History YMMV / LittleHouseOnThePrairie

20th Jul '17 8:16:30 PM Enhas
Is there an issue? Send a Message

Added DiffLines:

** In the season one episode "Circus Man", Mr. Hanson is suffering from terrible headaches of which nothing seems to work. After taking O'Hara's miracle cure (which of course isn't really one), his headaches go away but Doc Baker warns him that the underlying condition hasn't been found or really treated. Come several seasons later, he suffers a massive stroke which leads to his eventual death.
14th Jul '17 6:34:42 AM Maddoxsort
Is there an issue? Send a Message


** Also applies towards Michael Landon's tendency to rip scripts directly from ''Bonanza'' in general, having written and directed a few himself. The aforementioned one was remarkably {{Egregious}}, because it made absolutely no attempt to hide the fact it was repeating the events of the episode blow for blow.

to:

** TheyCopiedItSoItSucks: Also applies towards Michael Landon's tendency to rip scripts directly from ''Bonanza'' in general, having written and directed a few himself. The aforementioned one was remarkably {{Egregious}}, because it made absolutely no attempt to hide the fact it was repeating the events of the episode blow for blow.
14th Jul '17 6:31:58 AM Maddoxsort
Is there an issue? Send a Message

Added DiffLines:

** Any time Isaiah quietly pulls out the moonshine after getting married to Grace or she catches him operating a still. Their marriage collapsed in Season 8 because he couldn't knock the bottle.


Added DiffLines:

* ItsTheSameSoItSucks: "Will Someone Please Love Me?" is a lazy, almost completely '''word-for-word''' Xerox of an episode of ''Series/{{Bonanza}}'', with slightly altered dialogue and the actors putting on even less convincing performances than the original. Because the acting is ripping off that story, it comes off as wooden and stilted as well as totally unoriginal. On top of that, the actor playing the daughter is the ''exact same'' one used to play Alicia, Isaiah's adoptive daughter.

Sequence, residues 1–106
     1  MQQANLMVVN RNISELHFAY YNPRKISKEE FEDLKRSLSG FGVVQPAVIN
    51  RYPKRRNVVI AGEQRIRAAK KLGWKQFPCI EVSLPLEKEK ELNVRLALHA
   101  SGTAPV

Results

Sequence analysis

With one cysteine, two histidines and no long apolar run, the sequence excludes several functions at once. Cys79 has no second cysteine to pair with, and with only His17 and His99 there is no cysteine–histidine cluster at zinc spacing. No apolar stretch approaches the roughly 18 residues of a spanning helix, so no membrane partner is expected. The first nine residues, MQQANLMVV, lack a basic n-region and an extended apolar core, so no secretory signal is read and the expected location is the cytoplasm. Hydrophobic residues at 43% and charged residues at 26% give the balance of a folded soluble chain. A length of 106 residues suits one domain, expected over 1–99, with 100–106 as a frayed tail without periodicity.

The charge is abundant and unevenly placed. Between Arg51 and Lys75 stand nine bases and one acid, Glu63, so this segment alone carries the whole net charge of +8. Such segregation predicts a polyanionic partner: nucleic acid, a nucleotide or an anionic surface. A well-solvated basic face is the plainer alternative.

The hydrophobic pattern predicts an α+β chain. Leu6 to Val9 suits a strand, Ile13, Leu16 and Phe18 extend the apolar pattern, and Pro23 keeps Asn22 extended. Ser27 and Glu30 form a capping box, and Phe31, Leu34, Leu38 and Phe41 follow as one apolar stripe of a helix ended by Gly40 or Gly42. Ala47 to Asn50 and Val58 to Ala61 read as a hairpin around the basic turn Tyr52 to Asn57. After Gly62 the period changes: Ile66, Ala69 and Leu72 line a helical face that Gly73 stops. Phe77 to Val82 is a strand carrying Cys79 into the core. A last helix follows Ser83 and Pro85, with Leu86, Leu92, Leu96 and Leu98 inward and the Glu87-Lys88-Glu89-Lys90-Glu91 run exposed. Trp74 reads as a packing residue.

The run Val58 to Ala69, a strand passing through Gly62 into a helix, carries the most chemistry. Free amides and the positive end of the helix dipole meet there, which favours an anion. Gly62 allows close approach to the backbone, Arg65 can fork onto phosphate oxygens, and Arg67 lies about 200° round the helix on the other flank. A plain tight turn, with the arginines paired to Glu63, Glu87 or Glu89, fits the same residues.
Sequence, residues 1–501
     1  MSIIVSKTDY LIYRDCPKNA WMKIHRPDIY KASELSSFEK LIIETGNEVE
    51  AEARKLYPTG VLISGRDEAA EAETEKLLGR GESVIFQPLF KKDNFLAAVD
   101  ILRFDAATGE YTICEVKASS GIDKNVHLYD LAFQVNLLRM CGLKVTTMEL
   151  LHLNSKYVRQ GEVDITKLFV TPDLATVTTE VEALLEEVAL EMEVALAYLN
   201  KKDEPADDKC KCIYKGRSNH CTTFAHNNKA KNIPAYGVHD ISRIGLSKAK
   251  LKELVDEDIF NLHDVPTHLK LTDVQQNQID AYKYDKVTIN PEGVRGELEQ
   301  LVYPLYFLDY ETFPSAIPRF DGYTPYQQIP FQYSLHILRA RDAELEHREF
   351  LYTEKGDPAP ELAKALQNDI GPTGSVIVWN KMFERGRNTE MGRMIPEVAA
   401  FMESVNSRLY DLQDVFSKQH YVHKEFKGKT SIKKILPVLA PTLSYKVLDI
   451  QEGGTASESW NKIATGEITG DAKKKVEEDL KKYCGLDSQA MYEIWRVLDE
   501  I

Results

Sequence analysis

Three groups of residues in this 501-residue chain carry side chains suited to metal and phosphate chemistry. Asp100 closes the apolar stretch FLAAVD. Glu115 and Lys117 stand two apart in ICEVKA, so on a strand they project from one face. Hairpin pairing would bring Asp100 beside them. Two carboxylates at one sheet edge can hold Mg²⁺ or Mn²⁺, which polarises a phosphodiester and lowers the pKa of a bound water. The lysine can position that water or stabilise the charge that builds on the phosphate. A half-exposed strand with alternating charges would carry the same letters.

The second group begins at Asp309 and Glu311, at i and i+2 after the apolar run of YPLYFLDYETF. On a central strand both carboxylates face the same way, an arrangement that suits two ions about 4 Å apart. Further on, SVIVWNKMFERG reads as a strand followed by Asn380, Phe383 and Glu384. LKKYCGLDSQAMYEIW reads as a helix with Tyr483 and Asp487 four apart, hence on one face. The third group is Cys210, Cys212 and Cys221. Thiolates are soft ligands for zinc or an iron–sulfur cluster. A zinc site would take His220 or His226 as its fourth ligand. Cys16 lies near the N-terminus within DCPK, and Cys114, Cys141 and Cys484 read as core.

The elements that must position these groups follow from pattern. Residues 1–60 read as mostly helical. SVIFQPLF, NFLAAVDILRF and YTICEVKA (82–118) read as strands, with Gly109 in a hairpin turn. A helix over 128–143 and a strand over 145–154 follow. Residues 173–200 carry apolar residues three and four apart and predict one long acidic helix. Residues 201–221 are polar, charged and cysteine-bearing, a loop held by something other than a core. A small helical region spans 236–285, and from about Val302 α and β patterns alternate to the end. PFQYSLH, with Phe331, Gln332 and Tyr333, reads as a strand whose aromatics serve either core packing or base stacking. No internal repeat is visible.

** Also applies towards Michael Landon's tendency to rip scripts directly from ''Bonanza'' in general, having written and directed a few himself. The aforementioned one was remarkably {{Egregious}}, because it made absolutely no attempt to hide the fact it was repeating the events of the episode blow for blow.
14th Jul '17 6:00:55 AM Maddoxsort
Is there an issue? Send a Message


** Jeremy Quinn, Albert's biological father, turning up in Season 6 when Albert wants to be legally adopted. Jeremy just wants him on as a hand at his far to help him out around the place, not interested in being much of a father at this point in life, wifeless and all. When Albert has a hand in a very tragic fire at the blind school, he runs away from Walnut Grove out of grief, going to Jeremy as the last person he can turn to. When Albert stumbles upon his farm, he finds it eerily quiet... then stumbles upon a freshly-dug grave... Jeremy's. It's implied he worked himself to death on his own, someone found him keeled over, and then quietly buried him.
** Right before the end of Season 9, the last season, Laura is gifted a ''gorgeous'' estate by a dying widow who wants hers and her husband's dream home to be kept alive. Come ''The Last Farewell'', not three stories later, and the GrandFinale of the series, She and Alamanzo decide to ''blow it up''- because they realize it's going to fall into the seedy hands of a land baron no matter what they do and the best thing for it is [[MercyKill to let the dream die mercifully.]] Guess you're going to be haunted by their angry ghosts!!



* {{Narm}}

to:

** Almanzo blowing up the first house in ''The Last Farewell''- the one he and Laura got as a gift. Dramatic ominous music leading up to the moment he pushes down on the detonator. It's shot in slow motion and it erupts like one of those nuclear experiment houses in the 1940's. Also, Laura smashing out the windows in a fit of rage.
* {{Narm}}{{Narm}}: A lot of episodes are ''drowning'' with {{Melodrama}}. Seems like every other story somebody dies/already has a dead parent to milk the sympathy card, someone loses their source of income through a freak development beyond their control, a heavy-handed message gets thwacked over someone's head, or Laura runs off to cry. Sometimes all within the course of the same episode.